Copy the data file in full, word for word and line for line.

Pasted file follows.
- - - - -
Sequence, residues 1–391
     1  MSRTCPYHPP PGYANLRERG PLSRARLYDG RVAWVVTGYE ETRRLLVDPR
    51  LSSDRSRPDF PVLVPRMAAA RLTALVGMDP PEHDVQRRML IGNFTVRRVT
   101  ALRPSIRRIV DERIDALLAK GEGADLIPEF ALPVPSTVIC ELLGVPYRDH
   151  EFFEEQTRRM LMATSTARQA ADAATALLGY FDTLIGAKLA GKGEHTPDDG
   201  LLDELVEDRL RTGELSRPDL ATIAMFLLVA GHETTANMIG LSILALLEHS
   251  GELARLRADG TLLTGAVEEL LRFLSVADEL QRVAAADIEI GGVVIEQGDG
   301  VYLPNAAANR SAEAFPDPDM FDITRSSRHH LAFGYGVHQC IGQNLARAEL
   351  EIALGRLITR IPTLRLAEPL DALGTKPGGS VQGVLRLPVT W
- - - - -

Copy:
Sequence, residues 1–391
     1  MSRTCPYHPP PGYANLRERG PLSRARLYDG RVAWVVTGYE ETRRLLVDPR
    51  LSSDRSRPDF PVLVPRMAAA RLTALVGMDP PEHDVQRRML IGNFTVRRVT
   101  ALRPSIRRIV DERIDALLAK GEGADLIPEF ALPVPSTVIC ELLGVPYRDH
   151  EFFEEQTRRM LMATSTARQA ADAATALLGY FDTLIGAKLA GKGEHTPDDG
   201  LLDELVEDRL RTGELSRPDL ATIAMFLLVA GHETTANMIG LSILALLEHS
   251  GELARLRADG TLLTGAVEEL LRFLSVADEL QRVAAADIEI GGVVIEQGDG
   301  VYLPNAAANR SAEAFPDPDM FDITRSSRHH LAFGYGVHQC IGQNLARAEL
   351  EIALGRLITR IPTLRLAEPL DALGTKPGGS VQGVLRLPVT W